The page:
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J Food Prot. 1998 Jun;61(6):677-82.

Prevalence of pathogenic Yersinia enterocolitica in groups of swine at slaughter.

Author information

1
Departments of Veterinary Clinical Medicine, College of Veterinary Medicine, University of Illinois, Urbana-Champaign 61801, USA. Julie_Funk@ncsu.edu

Abstract

In order to estimate the prevalence of swine herds infected with pathogenic Yersinia enterocolitica, 103 lots of market swine were randomly selected at slaughter during six 1-month intervals. Pigs within each lot were sampled by swabbing the oral-pharyngeal surface, poststunning and postexsanguination but prescalding. Ninety-five lots (92.2%) contained at least one pig infected with Y. enterocolitica. Pathogenic strains were defined as those harboring the ail gene which has been identified in Y. enterocolitica that causes human clinical disease. Identification of those strains harboring the ail gene was accomplished using a polymerase chain reaction technique. Twenty-nine lots (28.2%) contained at least one pig from which ail-containing (pathogenic) Y. enterocolitica were isolated. Of the 107 pathogenic Y. enterocolitica isolates identified, 89.7% were serotype O:5 and 3.7% were serotype O:3. The results from this study will aid in the design of future epidemiological investigations concerning on-farm prevalence and associated risk factors for pathogenic Y. enterocolitica. Additionally, the results support the hypothesis that swine are a significant potential reservoir for human infections by Y. enterocolitica.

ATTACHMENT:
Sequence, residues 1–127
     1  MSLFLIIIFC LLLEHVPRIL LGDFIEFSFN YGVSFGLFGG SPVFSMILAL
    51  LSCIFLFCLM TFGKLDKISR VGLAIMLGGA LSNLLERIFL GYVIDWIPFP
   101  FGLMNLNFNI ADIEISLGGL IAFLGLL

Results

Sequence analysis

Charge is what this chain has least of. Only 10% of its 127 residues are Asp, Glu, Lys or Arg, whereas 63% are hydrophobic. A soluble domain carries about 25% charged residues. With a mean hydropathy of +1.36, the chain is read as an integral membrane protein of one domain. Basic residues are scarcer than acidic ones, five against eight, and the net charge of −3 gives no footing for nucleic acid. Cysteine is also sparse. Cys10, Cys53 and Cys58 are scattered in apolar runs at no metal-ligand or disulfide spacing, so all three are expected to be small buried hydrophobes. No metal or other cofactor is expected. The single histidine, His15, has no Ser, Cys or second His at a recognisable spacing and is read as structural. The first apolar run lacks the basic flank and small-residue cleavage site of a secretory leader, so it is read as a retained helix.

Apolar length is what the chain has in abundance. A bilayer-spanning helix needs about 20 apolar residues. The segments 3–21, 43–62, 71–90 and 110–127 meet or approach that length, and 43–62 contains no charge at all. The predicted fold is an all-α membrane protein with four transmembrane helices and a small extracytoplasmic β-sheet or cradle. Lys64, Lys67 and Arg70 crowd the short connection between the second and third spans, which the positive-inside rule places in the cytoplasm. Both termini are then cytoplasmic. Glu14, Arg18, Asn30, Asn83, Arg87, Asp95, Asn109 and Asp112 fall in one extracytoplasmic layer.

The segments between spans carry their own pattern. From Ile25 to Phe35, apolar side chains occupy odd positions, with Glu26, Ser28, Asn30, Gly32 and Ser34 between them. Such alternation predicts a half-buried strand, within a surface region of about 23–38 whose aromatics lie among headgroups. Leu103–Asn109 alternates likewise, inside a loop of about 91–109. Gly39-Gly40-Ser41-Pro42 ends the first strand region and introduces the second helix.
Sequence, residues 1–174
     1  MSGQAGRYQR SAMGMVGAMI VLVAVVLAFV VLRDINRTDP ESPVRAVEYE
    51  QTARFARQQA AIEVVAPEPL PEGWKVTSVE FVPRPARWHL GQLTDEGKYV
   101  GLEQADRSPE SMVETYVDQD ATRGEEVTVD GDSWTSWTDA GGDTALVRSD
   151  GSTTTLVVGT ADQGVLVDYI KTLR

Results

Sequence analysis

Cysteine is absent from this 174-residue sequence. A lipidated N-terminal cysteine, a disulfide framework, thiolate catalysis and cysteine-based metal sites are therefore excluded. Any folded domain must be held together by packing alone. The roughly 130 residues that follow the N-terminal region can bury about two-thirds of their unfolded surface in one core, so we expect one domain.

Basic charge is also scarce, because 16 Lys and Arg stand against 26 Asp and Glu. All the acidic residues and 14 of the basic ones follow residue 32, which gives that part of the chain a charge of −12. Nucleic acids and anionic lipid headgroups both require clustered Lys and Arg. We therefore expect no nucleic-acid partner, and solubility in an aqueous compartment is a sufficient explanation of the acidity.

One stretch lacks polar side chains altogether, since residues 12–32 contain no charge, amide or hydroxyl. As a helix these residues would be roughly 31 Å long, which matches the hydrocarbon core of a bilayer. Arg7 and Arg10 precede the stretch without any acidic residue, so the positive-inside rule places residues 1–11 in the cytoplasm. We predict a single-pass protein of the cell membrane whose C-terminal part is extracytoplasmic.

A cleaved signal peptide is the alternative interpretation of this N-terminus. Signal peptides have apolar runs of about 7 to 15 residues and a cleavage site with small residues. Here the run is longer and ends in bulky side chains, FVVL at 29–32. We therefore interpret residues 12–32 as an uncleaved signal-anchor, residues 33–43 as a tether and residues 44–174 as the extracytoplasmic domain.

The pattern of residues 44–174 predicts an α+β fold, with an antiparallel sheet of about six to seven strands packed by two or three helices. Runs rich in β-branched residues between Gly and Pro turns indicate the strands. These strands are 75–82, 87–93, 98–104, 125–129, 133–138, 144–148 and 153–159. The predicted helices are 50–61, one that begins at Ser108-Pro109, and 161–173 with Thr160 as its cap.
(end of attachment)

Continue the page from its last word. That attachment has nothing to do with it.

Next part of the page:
PMID:
9709248
DOI:
10.4315/0362-028x-61.6.677
[Indexed for MEDLINE]

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